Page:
National Consumer Protection Week: Beware of Online Investment Scams

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                                                                                        NEWS RELEASE

For Immediate Release

Media Contact:
Annelise Grygiel


Denver - March 5, 2024 - In 2023, the Federal Trade Commission (FTC) found that U.S. consumers lost a staggering $4.6 billion to investment scams, a 21% increase over 2022. A significant amount of fraud happened online, with $1.4 billion lost on social media platforms alone.

These online scams are swindling individuals of all ages out of their hard-earned money. According to the FTC, people in their 20s are losing money to fraud at a higher rate than those in their 70s. With National Consumer Protection Week in full swing, the Colorado Division of Securities wants to help all consumers protect their investments by avoiding online scams. The most common schemes include:

Cryptocurrency investment scams: Often, these scams start with a direct message on social media or dating apps. Fraudsters will talk about how much they’ve profited from cryptocurrency and sway others to invest through a fake website or app. They’ll share fabricated statements to make it look like investments are growing, leading consumers to invest more. When scammers receive the money, they'll shut down the accounts and disappear, leaving victims with nothing.  Here is a recent Colorado case: Complaint Against Eli Regalado and INDXcoin Amended to Include 12 Additional Defendants

Romance scams: Scammers slowly build intimate relationships with individuals on dating apps and social media before asking for money, a practice called “pig butchering.” They’ll boast about their financial success to entice their love interest to invest. Sometimes, they will make up elaborate stories about how they need the money to unlock more money. At the end of the scam, there is just loss and heartache. Here is a recent Colorado case: Complaint Filed Against Denver Man for Orchestrating Romance Scheme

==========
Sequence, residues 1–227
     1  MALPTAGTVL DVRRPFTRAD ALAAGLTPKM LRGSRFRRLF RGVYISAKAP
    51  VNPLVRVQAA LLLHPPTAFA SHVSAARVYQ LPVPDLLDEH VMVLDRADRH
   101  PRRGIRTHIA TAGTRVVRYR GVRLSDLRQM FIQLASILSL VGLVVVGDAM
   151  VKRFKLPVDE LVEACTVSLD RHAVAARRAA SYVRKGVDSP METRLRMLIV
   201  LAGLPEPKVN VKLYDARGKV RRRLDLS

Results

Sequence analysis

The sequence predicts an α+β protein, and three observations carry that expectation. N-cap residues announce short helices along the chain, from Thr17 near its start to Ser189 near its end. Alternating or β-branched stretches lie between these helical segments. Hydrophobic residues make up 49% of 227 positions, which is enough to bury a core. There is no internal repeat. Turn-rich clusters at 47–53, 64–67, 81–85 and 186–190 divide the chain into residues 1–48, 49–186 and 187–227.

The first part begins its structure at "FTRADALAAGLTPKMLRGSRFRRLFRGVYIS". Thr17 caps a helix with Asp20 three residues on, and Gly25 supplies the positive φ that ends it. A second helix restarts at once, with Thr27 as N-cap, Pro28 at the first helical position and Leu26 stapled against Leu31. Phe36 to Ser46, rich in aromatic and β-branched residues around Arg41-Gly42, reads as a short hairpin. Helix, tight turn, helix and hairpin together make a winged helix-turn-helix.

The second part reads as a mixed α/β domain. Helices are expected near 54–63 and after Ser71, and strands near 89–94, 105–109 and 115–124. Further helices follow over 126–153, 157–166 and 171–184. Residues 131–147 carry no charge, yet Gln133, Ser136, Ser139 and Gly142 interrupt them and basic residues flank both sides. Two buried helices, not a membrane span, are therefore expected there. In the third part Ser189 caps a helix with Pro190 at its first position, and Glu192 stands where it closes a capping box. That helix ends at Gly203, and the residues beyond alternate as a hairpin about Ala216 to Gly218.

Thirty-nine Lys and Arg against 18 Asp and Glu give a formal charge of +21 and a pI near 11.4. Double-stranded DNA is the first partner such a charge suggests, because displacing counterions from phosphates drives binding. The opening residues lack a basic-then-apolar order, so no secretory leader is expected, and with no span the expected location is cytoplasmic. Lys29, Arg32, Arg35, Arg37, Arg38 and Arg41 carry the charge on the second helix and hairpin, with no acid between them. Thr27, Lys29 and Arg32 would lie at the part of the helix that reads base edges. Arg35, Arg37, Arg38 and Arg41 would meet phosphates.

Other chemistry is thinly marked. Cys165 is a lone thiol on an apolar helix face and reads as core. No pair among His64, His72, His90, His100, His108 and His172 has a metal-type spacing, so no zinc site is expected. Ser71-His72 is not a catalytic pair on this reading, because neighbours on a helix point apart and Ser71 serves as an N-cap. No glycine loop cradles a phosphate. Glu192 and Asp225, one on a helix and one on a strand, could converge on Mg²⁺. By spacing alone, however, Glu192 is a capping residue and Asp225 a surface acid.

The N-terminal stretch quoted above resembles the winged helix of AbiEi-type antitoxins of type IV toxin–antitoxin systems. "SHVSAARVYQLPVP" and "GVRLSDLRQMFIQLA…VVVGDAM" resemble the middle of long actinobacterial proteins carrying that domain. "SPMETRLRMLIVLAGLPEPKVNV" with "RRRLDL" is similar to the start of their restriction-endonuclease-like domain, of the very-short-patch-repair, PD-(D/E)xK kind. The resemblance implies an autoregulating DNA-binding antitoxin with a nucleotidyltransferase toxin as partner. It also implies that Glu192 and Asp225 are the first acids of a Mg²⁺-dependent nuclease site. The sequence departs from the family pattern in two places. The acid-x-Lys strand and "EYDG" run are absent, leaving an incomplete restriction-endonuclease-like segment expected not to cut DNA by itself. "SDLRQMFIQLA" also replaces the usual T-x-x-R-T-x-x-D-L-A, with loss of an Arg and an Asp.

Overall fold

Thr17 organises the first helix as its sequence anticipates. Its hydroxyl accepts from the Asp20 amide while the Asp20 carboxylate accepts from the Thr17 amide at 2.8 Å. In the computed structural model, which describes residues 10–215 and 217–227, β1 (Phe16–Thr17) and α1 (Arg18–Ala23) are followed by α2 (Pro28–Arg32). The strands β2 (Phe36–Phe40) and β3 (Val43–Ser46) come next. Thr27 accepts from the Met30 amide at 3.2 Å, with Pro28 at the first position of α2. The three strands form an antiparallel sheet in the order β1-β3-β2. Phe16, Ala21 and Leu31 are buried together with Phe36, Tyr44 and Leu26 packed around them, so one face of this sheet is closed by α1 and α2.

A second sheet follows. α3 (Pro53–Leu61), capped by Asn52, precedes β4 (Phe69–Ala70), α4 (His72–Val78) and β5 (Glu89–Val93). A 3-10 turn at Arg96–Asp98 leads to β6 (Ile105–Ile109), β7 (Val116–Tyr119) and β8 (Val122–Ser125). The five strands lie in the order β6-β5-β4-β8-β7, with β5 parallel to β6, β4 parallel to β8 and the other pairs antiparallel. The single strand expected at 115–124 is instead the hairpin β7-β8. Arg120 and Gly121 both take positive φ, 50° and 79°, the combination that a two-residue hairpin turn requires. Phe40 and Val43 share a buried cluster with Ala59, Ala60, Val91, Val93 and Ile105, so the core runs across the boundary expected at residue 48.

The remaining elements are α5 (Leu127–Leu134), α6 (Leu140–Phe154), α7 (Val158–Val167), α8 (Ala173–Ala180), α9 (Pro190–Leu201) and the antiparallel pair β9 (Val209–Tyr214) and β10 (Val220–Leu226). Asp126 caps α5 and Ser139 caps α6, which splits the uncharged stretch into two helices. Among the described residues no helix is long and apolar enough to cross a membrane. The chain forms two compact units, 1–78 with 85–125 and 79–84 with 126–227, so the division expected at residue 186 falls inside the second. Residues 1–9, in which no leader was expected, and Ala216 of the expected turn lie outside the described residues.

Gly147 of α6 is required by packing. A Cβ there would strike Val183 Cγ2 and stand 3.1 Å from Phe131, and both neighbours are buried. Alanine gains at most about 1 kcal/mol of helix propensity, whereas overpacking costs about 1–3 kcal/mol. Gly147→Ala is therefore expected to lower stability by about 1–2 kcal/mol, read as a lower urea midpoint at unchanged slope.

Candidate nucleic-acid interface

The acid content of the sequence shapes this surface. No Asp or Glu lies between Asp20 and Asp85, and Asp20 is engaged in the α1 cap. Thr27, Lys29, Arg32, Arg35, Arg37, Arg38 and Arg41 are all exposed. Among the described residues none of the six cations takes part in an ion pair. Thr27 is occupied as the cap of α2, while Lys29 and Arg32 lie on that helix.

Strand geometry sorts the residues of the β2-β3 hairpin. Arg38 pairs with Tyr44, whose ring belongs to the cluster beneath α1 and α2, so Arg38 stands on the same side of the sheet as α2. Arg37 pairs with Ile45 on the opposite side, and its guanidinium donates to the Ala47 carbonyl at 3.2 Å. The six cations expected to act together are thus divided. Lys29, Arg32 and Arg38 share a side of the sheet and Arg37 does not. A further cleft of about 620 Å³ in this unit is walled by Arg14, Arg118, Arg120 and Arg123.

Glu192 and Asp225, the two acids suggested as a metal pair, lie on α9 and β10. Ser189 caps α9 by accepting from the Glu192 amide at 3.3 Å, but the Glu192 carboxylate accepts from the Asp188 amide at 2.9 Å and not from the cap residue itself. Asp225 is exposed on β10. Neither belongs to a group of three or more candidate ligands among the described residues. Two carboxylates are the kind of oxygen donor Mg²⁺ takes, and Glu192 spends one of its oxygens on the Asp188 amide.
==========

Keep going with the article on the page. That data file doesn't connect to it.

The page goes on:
Real estate scams: Fraudsters use social media and websites to advertise phony world-class property developments. These properties look like golden investment opportunities online, which persuade consumers to invest. Once scammers receive the money, investors run into problems with the property. The property might take years to build or won't include the promised amenities. Other times, the property isn't even built, and the land is leased. Here is a recent Colorado case: Lifestyle complaint

Before committing to an online investment opportunity, read the Colorado Division of Securities Smart Investor Checklist. If an opportunity sounds too good to be true, it probably is! For additional information about safe investing, visit the Division’s Protect Your Investments microsite or check out our main website.

If you or someone you know has become the victim of investment fraud, report it to the Division at 303-894-2320 or

About DORA and the Division of Securities

DORA is the state's umbrella regulatory agency, charged with managing licensing and registration for multiple professions and businesses, implementing balanced regulation for Colorado industries, and protecting consumers. Our nearly 600 employees are dedicated to preserving the integrity of the marketplace and promoting a fair and competitive business environment throughout Colorado.

The Division of Securities exists to protect investors and maintain confidence in the securities market, while avoiding unreasonable burdens on the marketplace by licensing securities professionals, enforcing securities law violations, and helping Coloradans become more informed investors. Visit to learn more.